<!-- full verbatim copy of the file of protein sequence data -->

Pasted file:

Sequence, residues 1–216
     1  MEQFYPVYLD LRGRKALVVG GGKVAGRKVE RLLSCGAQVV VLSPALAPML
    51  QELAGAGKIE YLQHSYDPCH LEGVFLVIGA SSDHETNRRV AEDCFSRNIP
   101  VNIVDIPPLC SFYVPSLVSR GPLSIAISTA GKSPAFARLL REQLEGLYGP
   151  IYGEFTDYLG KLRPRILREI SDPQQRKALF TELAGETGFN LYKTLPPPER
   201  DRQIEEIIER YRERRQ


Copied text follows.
Sequence, residues 1–216
     1  MEQFYPVYLD LRGRKALVVG GGKVAGRKVE RLLSCGAQVV VLSPALAPML
    51  QELAGAGKIE YLQHSYDPCH LEGVFLVIGA SSDHETNRRV AEDCFSRNIP
   101  VNIVDIPPLC SFYVPSLVSR GPLSIAISTA GKSPAFARLL REQLEGLYGP
   151  IYGEFTDYLG KLRPRILREI SDPQQRKALF TELAGETGFN LYKTLPPPER
   201  DRQIEEIIER YRERRQ